Stand Out! Make Your Portfolio Page Work (Harder) For You.
I am in my final week of the software engineering course at Flatiron school, and it’s time to start thinking about what comes after. It’s no secret that the field that I have chosen can be very competitive and it is important to leave your mark when presenting yourself to potential employers. So, for my final project here at Flatiron, I have decided to create an interactive portfolio page. It will not only grab the attention of the viewer, but also provide and easy and organized way of keeping track of the contacts made from the site.
The main feature is the virtual business card. First a high level overview, then I will break it down a bit. When the user (hopefully a potential employer, or client) fills out the virtual business card, that information gets stored in a database. If the information is successfully saved, they will receive a simple introduction email from yours truly… cool right? Well, there’s more. There is a second part to this portfolio that is not user facing, but provides a very valuable service. A mobile app who’s sole responsibility is to retrieve and organize the information from the database. The mobile app will build and organize the virtual business cards, allow for notes, and show just the cards that have not yet been viewed. Now all of the connections made through the portfolio are organized and in one place.
So, how does all of this work? Glad you asked.
Starting on the user side of things, I’ll give you a quick breakdown of what’s going on behind the scenes. I will not get into styling, but rather the information that matters… how it works.
Using JSX (React) I built out a pretty straight forward, controlled form. As the user fills in the form, all of the information is saved to state for later access. This will also allow me to control the information entered into each field so that I am less likely to get bogus information saved to the database. This is being accomplished via the onChange event. The value of each field is equal to the value of it’s corresponding key in state. As the user enters information the handleChange function is triggered and dynamically sets the state based on the className and value of the target (the field in which they are entering information).
Once the form is submitted, the handleFinalSubmit function sends a fetch request to my rails API to POST the information to the database. Awesome, now I have the information, but it’s not going to do any good just sitting there.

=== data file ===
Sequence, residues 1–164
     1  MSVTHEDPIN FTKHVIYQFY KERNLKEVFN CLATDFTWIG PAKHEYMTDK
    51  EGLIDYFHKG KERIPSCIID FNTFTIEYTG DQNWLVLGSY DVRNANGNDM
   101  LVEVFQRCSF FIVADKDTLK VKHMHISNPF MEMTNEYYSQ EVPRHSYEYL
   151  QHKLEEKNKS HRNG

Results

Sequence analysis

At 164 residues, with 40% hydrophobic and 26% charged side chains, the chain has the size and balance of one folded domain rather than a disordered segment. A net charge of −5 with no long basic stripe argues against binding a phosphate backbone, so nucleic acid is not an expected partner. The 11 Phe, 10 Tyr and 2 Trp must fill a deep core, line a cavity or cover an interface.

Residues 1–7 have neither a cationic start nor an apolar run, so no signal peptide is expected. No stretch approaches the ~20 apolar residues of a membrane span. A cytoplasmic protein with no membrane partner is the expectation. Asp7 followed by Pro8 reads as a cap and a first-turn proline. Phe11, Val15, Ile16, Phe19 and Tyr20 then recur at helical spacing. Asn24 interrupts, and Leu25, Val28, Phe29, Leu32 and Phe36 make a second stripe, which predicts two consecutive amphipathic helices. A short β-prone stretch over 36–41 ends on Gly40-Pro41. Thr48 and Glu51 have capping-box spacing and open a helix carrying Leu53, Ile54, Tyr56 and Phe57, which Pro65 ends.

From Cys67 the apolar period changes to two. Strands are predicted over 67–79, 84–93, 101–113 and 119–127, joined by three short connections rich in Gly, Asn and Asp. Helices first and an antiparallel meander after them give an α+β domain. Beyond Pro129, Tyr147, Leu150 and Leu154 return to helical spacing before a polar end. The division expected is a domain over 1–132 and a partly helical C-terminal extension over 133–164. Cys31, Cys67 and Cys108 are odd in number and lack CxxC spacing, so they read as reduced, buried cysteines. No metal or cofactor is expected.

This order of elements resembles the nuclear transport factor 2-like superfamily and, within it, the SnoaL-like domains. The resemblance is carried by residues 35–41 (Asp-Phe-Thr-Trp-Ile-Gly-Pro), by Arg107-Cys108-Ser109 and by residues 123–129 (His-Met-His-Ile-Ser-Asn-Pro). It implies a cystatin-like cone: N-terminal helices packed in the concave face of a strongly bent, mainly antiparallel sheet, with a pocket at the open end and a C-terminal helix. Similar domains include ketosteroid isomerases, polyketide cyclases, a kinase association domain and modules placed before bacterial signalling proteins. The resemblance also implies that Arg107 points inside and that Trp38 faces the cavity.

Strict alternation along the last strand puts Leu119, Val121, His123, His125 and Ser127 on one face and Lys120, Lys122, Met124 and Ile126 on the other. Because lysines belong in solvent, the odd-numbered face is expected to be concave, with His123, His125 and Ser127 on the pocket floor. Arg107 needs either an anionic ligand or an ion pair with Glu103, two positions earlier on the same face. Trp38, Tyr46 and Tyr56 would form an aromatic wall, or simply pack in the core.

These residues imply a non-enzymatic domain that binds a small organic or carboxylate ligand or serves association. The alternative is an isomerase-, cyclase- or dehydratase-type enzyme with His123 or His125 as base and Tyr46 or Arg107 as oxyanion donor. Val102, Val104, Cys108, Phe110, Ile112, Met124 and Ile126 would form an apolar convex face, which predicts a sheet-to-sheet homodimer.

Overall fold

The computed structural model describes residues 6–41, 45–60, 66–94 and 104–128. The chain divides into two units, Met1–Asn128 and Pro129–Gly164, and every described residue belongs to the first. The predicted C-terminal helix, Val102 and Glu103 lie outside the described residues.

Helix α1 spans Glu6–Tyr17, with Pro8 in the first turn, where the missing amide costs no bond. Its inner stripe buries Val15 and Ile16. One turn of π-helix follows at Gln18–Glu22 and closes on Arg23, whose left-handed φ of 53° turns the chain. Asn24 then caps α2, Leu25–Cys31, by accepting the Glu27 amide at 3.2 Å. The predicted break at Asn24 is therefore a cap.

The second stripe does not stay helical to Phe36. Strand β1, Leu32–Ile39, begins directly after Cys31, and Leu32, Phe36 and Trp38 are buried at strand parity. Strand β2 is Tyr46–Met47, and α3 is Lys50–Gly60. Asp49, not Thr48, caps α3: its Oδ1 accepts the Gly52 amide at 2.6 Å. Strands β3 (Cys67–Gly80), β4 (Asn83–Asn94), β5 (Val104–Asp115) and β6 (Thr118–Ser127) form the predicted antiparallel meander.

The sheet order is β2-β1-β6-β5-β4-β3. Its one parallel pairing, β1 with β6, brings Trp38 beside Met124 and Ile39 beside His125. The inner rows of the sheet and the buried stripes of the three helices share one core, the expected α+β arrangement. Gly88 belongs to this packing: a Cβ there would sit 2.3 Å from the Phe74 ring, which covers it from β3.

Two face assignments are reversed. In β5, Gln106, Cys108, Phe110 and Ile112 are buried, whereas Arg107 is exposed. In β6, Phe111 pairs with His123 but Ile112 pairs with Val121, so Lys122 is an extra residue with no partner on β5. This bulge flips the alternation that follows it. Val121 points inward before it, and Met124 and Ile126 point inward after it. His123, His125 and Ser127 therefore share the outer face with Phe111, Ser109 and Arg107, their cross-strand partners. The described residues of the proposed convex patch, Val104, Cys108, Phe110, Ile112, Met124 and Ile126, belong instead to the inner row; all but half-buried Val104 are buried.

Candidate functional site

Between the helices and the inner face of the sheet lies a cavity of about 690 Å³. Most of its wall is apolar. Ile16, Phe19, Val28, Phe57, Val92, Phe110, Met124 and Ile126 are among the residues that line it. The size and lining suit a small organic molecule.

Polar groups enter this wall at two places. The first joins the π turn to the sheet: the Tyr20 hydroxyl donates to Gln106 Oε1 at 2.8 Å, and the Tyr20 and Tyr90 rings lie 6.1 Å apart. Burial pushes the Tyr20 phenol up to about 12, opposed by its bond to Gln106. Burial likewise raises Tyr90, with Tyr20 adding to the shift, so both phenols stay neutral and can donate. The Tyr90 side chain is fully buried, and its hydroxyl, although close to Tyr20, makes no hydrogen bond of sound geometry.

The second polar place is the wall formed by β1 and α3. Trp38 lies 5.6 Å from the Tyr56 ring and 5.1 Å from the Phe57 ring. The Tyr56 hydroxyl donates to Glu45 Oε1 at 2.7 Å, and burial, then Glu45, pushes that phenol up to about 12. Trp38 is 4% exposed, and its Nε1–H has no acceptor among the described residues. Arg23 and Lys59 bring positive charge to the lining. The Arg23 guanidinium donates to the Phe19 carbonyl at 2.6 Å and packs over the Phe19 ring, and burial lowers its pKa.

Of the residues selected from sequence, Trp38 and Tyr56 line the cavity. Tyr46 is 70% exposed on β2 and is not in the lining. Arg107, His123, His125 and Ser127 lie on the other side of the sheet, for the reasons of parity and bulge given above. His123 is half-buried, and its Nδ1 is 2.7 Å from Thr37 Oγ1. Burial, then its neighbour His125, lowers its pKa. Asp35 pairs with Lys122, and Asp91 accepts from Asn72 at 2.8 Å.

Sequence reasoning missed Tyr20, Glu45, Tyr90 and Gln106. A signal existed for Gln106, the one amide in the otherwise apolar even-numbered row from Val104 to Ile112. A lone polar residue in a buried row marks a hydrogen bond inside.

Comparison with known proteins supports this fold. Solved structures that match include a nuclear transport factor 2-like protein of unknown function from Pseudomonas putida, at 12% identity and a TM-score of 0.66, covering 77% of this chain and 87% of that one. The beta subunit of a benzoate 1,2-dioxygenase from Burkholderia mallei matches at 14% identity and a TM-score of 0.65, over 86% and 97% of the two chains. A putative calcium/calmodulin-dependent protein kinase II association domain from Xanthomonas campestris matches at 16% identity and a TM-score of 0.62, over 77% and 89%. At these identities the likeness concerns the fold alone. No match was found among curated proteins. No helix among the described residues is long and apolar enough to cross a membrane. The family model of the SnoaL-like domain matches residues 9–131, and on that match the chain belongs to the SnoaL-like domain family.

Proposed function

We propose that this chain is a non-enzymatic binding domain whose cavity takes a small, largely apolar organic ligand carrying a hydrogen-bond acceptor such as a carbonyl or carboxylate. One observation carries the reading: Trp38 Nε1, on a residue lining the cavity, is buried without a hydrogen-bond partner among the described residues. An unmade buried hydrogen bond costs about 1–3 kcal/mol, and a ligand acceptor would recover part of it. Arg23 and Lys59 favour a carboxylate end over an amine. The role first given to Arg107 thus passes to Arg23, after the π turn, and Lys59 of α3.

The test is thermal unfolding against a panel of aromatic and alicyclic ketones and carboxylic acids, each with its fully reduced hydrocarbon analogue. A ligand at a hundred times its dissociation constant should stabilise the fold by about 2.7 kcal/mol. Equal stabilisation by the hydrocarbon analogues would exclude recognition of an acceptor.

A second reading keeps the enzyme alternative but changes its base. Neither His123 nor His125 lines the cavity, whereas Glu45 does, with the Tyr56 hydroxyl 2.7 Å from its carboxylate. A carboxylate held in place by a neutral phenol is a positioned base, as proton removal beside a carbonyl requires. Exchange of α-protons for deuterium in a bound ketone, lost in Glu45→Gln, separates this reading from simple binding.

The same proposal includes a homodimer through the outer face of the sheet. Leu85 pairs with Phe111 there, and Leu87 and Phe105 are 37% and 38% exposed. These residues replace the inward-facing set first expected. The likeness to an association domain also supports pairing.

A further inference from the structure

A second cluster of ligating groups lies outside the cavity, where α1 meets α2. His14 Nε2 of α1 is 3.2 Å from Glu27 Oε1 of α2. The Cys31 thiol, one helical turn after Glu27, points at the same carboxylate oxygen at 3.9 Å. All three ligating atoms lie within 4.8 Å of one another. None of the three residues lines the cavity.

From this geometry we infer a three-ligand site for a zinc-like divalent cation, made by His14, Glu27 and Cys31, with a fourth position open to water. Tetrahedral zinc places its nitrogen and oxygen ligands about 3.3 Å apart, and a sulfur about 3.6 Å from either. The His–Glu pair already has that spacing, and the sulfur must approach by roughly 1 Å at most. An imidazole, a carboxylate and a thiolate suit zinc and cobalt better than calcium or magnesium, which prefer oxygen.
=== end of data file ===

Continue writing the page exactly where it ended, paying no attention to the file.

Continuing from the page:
The mobile app, when started, sends a fetch request to the rails API to GET the information stored in the database. Once it has the information, it will build out each card and organize the cards alphabetically by company name (default). This is accomplished by using asynchronous fetch requests via Redux Thunk. Only once the app has all of the information does it try to use the information to build the cards… Obviously it can’t build something with nothing. Cool, I have the information, and I can build the cards… Now let’s organize that information so contacts are easier to find.
This part has room for improvement… there is a pretty strong odor coming from this section of my code, but it works well, and can be refactored in the future. Here, depending on which button is pressed, the cards will be organized by either company name, or the user’s last name. Alternatively, I can also choose to view only the “new” cards (cards that have not been marked “viewed”). This makes finding the person you are looking for MUCH easier compared to trying to search through a list of contacts organized only by the date that they were added.
In the future I hope to add some more features to the mobile app, like an alphabetical navigation bar and a search function to make finding contacts that much easier. I also plan to clean up some smelly code and make the user facing web portion more mobile friendly… v2 coming soon!
Please feel free to check out my portfolio at www.whosadam.com
fill out a virtual business card and leave me a message!